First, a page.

Jerusalema, a 2019 song by Master KG and Nomcebo Zikode, has sparked a dance craze with its upbeat moves and positive lyrics. Even South Africa’s president, Cyril Ramaphosa, has publicly endorsed the song as he plans to open up the country to tourism again in the autumn.
Jerusalema – could the South African dance craze be a symbol of hope?
It started in South Africa and is now blaring from people’s speakers all around the world.
Some are saying the song and dance are a shining light in a world struggling through the Covid pandemic, but what’s the story behind Jerusalema? And could it really inspire hope in millions of people?
The Zulu tune with a universal appeal
Jerusalema started life in 2019, when the South African duo released it as a call to God to take them away to Jerusalem, or heaven in other words. Sang in Zulu, they intended to it to be uplifting, for its positive lyrics and upbeat rhythm to resonate with the listener.
Little did they know just how much it would resonate. While the video amassed a million views within a week of its launch, its success went through the roof following the onset of the Covid-19 crisis in March 2020.
First in Angola, a YouTube video of a group of friends interrupting their meal to perform a dance routine to the song went viral, starting a craze that swept Southern Africa. Healthcare workers, police officers and lawyers were among the thousands of videos of people performing the dance, and the phenomenon quickly started trending globally.
By the summer, fans had streamed the song 60 million times on Spotify, social networks were alive with talk about the craze, while celebrities such as footballer Cristiano Ronaldo announced their love for the song.
But why had the Covid-19 crisis kickstarted this?
A boost to society
The first global pandemic in over a century was a huge shock to the world. Every nation announced some kind of measure to contain the virus, ranging from simple social distancing laws to full-scale lockdowns where people were forbidden to go outside.
Jerusalema served as a symbol of hope during such difficult times. Amid a mountain of bad news, the sight of a group of people dancing to its positive words was a welcome boost to many. As its popularity gathered pace, more and more videos appeared: the sight of figures of authority, such as police officers, joining in spread the message that everyone was in it together – the law, the health services and average person on the street were united in fighting the disease.
The song also provided something for people to talk about while they were separated. Like a popular TV series or film can unite people, the dance craze could be discussed and even practiced between friends, giving them an excuse to meet up virtually or in person where permitted. In times of hardship, such crazes provide a boost to public morale, and reassure people that maybe things aren’t as bad as first feared.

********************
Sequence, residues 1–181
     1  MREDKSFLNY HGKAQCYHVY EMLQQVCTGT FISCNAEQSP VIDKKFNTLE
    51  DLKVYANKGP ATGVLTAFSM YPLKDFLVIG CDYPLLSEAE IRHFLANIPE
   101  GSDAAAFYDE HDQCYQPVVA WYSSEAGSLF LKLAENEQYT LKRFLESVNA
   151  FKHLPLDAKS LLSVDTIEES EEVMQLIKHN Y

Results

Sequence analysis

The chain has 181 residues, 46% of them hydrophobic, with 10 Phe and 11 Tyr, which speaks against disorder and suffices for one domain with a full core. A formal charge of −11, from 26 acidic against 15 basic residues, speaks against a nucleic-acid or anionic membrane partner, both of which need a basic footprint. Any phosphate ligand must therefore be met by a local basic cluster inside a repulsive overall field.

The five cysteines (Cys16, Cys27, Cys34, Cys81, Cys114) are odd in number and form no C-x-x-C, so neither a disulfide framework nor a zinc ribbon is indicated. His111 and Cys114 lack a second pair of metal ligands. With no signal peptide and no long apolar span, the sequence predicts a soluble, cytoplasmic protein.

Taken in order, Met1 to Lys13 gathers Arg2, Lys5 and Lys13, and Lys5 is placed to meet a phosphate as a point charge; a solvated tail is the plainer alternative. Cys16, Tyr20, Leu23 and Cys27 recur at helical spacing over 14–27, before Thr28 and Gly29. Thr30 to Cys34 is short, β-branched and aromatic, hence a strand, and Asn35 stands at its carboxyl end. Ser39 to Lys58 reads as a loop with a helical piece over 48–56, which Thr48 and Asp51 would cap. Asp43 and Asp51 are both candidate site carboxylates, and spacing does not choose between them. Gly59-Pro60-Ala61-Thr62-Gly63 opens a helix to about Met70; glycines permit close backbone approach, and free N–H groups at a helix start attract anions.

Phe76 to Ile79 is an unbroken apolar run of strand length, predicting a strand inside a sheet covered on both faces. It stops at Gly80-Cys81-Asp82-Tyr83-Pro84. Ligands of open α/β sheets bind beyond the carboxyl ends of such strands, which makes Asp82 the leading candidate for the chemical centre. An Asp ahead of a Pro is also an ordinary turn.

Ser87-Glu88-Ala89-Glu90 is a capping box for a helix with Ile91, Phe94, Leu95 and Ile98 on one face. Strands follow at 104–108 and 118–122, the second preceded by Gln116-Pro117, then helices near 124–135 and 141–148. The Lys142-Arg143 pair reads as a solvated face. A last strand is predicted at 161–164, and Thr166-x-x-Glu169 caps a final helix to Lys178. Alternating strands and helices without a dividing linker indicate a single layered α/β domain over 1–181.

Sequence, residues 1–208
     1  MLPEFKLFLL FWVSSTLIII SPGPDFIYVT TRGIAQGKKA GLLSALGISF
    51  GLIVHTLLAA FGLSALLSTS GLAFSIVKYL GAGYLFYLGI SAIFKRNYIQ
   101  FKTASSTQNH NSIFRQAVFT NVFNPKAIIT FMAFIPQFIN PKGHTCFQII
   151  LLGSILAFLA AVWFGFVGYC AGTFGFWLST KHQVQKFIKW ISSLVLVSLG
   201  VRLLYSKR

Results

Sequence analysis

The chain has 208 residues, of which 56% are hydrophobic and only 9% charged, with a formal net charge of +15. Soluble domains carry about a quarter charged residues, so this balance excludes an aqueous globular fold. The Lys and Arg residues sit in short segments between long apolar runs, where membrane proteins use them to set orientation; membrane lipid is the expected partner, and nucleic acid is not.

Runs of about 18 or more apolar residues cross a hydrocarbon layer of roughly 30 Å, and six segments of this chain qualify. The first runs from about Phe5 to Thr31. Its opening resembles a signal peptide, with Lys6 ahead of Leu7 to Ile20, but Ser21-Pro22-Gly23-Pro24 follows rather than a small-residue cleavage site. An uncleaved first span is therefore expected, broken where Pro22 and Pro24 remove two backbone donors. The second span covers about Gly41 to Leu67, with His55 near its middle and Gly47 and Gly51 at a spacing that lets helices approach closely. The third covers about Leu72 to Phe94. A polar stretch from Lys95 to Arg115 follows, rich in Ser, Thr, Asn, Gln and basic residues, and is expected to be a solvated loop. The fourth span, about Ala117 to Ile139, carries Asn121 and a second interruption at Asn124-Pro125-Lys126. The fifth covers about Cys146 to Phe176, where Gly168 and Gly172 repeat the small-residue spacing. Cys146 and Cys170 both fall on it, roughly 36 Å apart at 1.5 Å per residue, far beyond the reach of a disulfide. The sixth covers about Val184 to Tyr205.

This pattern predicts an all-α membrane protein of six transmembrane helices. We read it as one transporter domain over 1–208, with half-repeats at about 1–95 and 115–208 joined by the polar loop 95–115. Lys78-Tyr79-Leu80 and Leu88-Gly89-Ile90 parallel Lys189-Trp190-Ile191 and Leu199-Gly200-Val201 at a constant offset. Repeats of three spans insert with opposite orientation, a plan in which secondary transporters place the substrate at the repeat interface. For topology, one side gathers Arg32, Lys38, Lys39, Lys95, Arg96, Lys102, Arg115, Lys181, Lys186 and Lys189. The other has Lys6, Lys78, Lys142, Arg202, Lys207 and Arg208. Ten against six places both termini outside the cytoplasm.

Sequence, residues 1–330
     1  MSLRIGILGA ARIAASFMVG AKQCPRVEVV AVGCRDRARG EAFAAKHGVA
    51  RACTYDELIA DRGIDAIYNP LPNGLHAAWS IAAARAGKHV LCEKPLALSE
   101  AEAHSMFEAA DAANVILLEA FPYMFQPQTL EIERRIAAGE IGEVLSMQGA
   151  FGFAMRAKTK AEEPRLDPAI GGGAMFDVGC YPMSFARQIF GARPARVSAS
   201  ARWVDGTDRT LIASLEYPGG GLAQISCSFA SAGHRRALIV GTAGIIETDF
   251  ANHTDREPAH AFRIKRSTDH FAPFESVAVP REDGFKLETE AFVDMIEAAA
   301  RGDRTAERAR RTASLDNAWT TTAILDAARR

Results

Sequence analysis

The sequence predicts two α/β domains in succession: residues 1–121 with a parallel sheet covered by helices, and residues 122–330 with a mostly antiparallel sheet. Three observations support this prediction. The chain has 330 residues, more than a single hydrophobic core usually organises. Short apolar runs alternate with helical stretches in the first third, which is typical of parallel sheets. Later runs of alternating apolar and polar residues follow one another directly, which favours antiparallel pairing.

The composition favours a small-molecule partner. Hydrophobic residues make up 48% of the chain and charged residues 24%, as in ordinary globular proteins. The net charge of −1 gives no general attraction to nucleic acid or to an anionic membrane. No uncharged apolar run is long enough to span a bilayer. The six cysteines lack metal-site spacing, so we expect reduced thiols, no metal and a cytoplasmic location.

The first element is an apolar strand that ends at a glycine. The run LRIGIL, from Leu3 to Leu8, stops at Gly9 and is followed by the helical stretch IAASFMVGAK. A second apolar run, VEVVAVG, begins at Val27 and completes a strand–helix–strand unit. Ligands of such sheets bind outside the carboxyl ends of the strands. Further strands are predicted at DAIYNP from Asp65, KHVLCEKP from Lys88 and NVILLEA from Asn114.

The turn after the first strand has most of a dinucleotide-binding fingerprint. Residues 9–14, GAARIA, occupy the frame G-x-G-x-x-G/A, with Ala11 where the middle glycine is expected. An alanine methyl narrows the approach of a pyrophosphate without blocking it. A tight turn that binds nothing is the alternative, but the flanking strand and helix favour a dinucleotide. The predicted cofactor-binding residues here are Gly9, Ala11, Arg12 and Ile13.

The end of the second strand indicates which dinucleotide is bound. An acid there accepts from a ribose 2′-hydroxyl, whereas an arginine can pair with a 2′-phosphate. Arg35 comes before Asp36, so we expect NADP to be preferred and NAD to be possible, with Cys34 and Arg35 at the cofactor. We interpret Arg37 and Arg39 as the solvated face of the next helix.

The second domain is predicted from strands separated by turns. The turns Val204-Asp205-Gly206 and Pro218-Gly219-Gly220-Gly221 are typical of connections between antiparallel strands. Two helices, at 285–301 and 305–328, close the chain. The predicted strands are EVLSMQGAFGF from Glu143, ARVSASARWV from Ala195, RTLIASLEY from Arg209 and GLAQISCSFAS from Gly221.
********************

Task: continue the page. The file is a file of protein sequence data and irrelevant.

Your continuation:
President Ramaphosa’s speech about the song, made in an attempt to cement public goodwill around South Africa’s Heritage Day, underlines just how much of a positive impact it had.
It’s not just social benefits that Jerusalema brings. Dance therapy recommends such energetic dancing as a way of promoting harmony between the body and mind and producing feelings of wellness. While people often imagine happiness to come in the form of a promotion at work, or winning a huge lottery jackpot, dance therapists teach that true happiness comes from within, and dance can be a powerful tool in the process of attaining it.
Onlookers can also experience positive feelings just by watching the dance. Videos of health workers performing Jerusalema in various countries around the world have become a source of hope for COVID-19 patients, and a symbol of defiance against the disease.
Dancing is a form of expression, and when we express ourselves creatively it’s common to feel a sense of satisfaction, similar to a weight being lifted from our shoulders. With our lives restricted during the fight against the virus, it’s important to have these outlets of expression: without them we’re more likely to feel a sense of frustration, leading to anger and, possibly, depression.
Other dance crazes
Of course, Jerusalema isn’t the first dance to spark a craze and it won’t be the last.
Chubby Checker’s The Twist is one of the earliest examples in modern music of a dance sweeping the world with its simple yet catchy moves. In the 1980s, Black Lace’s Agadoo hit the dancefloors, providing a fun, if slightly annoying, tune to a series of hand gestures. In the last decade, you only need to look at global superstar Beyoncé Knowles and her hit Single Ladies to see just how much a pop song can get people all over the world dancing.
And, of course, everyone remembers Gangnam Style in 2012 as proof that the dance can also be completely bizarre and still cause a sensation.
In Jerusalema’s case, a catchy pop song and a cool dance acts as the perfect combination to get people moving. Its message of hope also serves as a beacon of hope during a pandemic that has rocked the world.
The overall message is simple — join in, learn the moves, and have some fun. Times might be hard, but we’re all in it together!
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